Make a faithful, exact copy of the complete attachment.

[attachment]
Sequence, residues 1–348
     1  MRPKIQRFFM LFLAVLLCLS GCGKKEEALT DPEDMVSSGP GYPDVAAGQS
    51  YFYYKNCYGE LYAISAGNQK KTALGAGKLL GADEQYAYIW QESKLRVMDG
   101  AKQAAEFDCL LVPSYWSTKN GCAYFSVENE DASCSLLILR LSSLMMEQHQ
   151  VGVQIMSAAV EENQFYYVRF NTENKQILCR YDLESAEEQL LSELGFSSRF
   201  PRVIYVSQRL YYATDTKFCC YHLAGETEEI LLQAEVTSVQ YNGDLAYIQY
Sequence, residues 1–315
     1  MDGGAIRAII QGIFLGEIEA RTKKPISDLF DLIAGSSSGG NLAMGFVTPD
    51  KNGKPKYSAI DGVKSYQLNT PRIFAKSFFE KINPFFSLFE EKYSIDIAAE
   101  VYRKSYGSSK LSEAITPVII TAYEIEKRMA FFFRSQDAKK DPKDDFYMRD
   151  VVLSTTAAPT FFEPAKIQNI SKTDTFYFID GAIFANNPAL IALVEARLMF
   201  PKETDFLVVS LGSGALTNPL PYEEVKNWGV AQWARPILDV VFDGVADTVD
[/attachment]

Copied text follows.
Sequence, residues 1–348
     1  MRPKIQRFFM LFLAVLLCLS GCGKKEEALT DPEDMVSSGP GYPDVAAGQS
    51  YFYYKNCYGE LYAISAGNQK KTALGAGKLL GADEQYAYIW QESKLRVMDG
   101  AKQAAEFDCL LVPSYWSTKN GCAYFSVENE DASCSLLILR LSSLMMEQHQ
   151  VGVQIMSAAV EENQFYYVRF NTENKQILCR YDLESAEEQL LSELGFSSRF
   201  PRVIYVSQRL YYATDTKFCC YHLAGETEEI LLQAEVTSVQ YNGDLAYIQY
Sequence, residues 1–315
     1  MDGGAIRAII QGIFLGEIEA RTKKPISDLF DLIAGSSSGG NLAMGFVTPD
    51  KNGKPKYSAI DGVKSYQLNT PRIFAKSFFE KINPFFSLFE EKYSIDIAAE
   101  VYRKSYGSSK LSEAITPVII TAYEIEKRMA FFFRSQDAKK DPKDDFYMRD
   151  VVLSTTAAPT FFEPAKIQNI SKTDTFYFID GAIFANNPAL IALVEARLMF
   201  PKETDFLVVS LGSGALTNPL PYEEVKNWGV AQWARPILDV VFDGVADTVD